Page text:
Guest post by Jenni Harding, Founder/Managing Director at Greatest Good and Harbridge Optimal Performance
If you’re a social entrepreneur, it’s easy to be focused on helping others. You want to help, serve and make positive social or environmental impacts, forgetting about putting on your own life jacket first. However, neglecting your own mental health and wellbeing can lead to burnout over time as you put everyone/everything ahead of your own needs.
When I run presentations and workshops on positive psychology, neuroscience and emotional intelligence topics, I always ask the same three questions, which are helpful for everyone to consider on a daily basis:
Do you have a positive physical health regime?
These can be daily or weekly activities that get you active, and maintain or improve your physical health. Generally, around 80% of attendees have a physical health routine.
Do you have a positive financial health regime?
This can be saving for a home, holiday or other important items, paying off a debt for these items, putting more money into super or making some other type of investment. The responses on this depend on the audience and range from around 50% to 90% of the audience who take active steps to improve their financial wellbeing.
Do you have a positive mental health regime?
This can include physical exercise as above, but also include a range of activities that just “light you up”. The options are endless and can include reading, playing games, catching up with family/friends, meditation, playing a musical instrument, gardening, the list goes on…. Really, it is anything that you enjoy doing that puts you in a state of flow – where you are living in the present moment, but still conscious of time and what’s going on around you. It’s not checking out and binge-watching tv (as enjoyable as this can be at times). Unfortunately, usually, only around 20% of attendees have a mental health routine.
So why is it important to have a proactive mental health regime and ideally a range of activities that you love doing? The answer is simple. The effects of our mental health influence every part of our lives. It determines our moods, our physical health (ever bailed on exercise as you are mentally exhausted?) and our social connections. All of these things help us to cope better with what life throws at us, be it a single adverse experience or a series of unexpected hurdles. Collectively, they contribute to our personal sense of wellbeing and the state of our mental health.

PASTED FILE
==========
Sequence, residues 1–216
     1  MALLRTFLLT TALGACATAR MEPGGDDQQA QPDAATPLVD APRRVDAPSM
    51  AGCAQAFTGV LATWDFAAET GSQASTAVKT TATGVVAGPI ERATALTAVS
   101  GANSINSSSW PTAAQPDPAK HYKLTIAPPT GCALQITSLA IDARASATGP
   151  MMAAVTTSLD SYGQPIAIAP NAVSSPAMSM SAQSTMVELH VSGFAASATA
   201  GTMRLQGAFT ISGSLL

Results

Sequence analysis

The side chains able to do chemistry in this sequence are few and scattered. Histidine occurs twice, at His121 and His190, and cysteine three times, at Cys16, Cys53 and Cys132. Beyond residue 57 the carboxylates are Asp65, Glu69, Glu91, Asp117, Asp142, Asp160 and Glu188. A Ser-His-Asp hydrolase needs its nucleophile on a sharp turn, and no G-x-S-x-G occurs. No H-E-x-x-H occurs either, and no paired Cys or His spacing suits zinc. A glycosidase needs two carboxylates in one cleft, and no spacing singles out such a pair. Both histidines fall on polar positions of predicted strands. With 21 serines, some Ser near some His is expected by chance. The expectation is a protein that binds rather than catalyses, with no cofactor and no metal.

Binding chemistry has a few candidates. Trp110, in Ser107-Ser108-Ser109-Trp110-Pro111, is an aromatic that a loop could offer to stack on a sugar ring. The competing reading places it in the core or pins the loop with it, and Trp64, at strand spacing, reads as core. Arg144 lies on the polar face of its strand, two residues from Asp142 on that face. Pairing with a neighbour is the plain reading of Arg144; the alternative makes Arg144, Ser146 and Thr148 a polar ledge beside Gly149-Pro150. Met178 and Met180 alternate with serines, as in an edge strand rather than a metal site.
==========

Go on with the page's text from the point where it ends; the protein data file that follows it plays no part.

Taking proactive steps to manage our mental health and wellbeing builds up a toolbox of activities to strengthen our mind in the same way that we use a range of different exercises and activities to build a healthy body. Actively improving and nurturing our mental health helps us to live healthy, productive and fulfilled lives in a way that is meaningful to us.
However, if we neglect this part of our lives and continue to put everyone else first while trying to make the world a better place, it leads us to feel both mentally and physically drained. This can create a downward spiral of poor sleep, poor eating, poor judgement and decision making, and more. Longer term, it can lead to us feeling burned out and not capable of helping anyone.
Burnout is an occupational phenomenon where employees experience a mix of physical and psychological symptoms that result in decreased productivity and decreased job satisfaction. This means that even if you are actually able to help others and achieve some form of social impact, it’s unlikely you will find the work as meaningful and fulfilling.
There’s a reason that we need to put on our own life vest before helping others. If you are drowning, you aren’t in a position to save others. By taking proactive steps to build up a toolbox of activities you enjoy and find fulfilling, you are creating the resilience to handle any form of setback. In the same way that having good physical health allows us to bounce back quicker from an injury, having a toolbox of activities to call on helps us regain strong mental health after a mental health set back.
Taking a proactive approach to building your mental wellbeing toolkit can seem overwhelming when you are already overwhelmed. Be kind to yourself. Treat yourself the way you’d treat your best friend (it’s called self-compassion). When you’re ready, check out this list of short videos and try the one that speaks to you the most. I also have a list of 15 questions we ask clients to consider on passion, purpose and meaning, so reach out if you’d like a copy or want to discuss ways to improve your mental health and wellbeing.